Today begins a new series on nouns. Each case will be posted one at a time for the next few weeks. I’m trying something different, so for the next while, updates will be on Mondays with grammatical building blocks. I’m beginning with nouns and verbs, then will move into adjectives, adverbs and pronouns. That’s the plan, anyway.
Latvian is a case-based system, similar to Latin and other languages, but not very much like English. What this means is that every noun can be declined into one of seven cases. Each case represents a different sentence part, the subject, direct object, indirect object and so on. The case system changes the endings of the nouns, which makes it possible to infer more information without requiring additional words.
Nominative is the first case and correlates to the English subject. The singular nominative is also the dictionary form, or the form used to list nouns in dictionaries.
Let’s look at an example of how this works.
Pele grib sieru. — The mouse wants the cheese.
Pele is nominative. Sieru is accusative. The mouse does the action, so it is the subject of the sentence. The cheese is affected by the action, so it is the direct object.
In case-based languages like Latvian, you can play with the order of the words, “sieru pele grib“, for instance, and still have the same meaning. (This is not something you can do in English!) Latvian poetry takes full advantage of this, believe me, even if prose and conversation tends not to mix things up too heavily.
Asking the Question
Latvian associates a question word with six of the seven cases. (Vocative does not have an associated question word specifically for it alone.) For nominative, Latvians ask Kas? (Read more about interrogating nouns here.)
Kas means who or what. It can refer to a person (who) or a thing (what). The word is the same regardless and can be answered in either singular or plural.
Kas grib sieru? Pele. — Who wants the cheese? The mouse.
Kas asks for an answer in the nominative. You can’t ask: Kas pele grib? or Kas grib pele? It would be like asking in English “Who the mouse wants?” You wind up with two identical subjects, which just doesn’t work. And no, you can’t change it to “What does the mouse want?” because the question is still pursuing the direct object. Kas is pursuing the subject of the sentence, the doer of the action.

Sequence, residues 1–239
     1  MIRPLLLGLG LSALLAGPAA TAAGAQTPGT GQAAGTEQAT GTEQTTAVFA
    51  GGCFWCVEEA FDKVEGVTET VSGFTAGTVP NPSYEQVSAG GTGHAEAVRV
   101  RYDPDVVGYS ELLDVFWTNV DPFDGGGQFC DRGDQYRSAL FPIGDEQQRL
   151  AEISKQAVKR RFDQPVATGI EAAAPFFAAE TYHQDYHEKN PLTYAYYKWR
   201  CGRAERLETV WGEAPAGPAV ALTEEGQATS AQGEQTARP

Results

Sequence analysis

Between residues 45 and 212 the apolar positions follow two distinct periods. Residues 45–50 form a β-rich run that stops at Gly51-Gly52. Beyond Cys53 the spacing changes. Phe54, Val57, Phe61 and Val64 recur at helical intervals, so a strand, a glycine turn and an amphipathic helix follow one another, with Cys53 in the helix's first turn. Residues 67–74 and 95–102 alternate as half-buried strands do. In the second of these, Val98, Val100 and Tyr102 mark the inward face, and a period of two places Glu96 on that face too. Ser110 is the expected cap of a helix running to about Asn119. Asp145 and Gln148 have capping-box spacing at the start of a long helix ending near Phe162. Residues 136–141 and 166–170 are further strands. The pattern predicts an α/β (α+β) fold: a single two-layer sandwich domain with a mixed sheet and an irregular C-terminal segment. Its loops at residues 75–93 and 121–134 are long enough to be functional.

Most sentences will have a subject in the nominative case, but not all. Just as in English, sometimes the subject is inferred or dropped. In that case, context will tell you what the subject is.
Forming the Plural
Pluralizing nominative nouns is very easy, but you can read more about it in On Plurals.
For nouns in the 1st, 2nd and 3rd declension, the ending changes to –i.
For nouns in the 4th and 5th declension, add an –s to the ending. Just like in English!
For nouns in the 6th declension, change the ending from -s to –is.
Remember that the 2nd declension plural will always involve palatalization when possible. For example, brālis becomes brāļi because l can change to ļ, while tālskatis becomes tālskati, as t doesn’t seem to change in the 2nd declension nouns. (It is possible for t to change to š, as in the 5th declension noun bite which becomes bišu in the genitive plural.)
How to Decline in the Nominative
This is the easiest one, as it is the dictionary form. The endings are as follows:
vsk. 1. dekl. | 2. dekl. | 2. dekl. exc. | 3. dekl. Kas? -s, -š | -is | -s | -us vsk. 4. dekl. | 5. dekl. | 6. dekl. Kas? -a | -e | -s dsk. 1. dekl. | 2. dekl. | 2. dekl. exc. | 3. dekl. Kas? -i | -i | -i | -i dsk. 4. dekl. | 5. dekl. | 6. dekl Kas? -as | -es | -is Red indicates potential palatalization changes.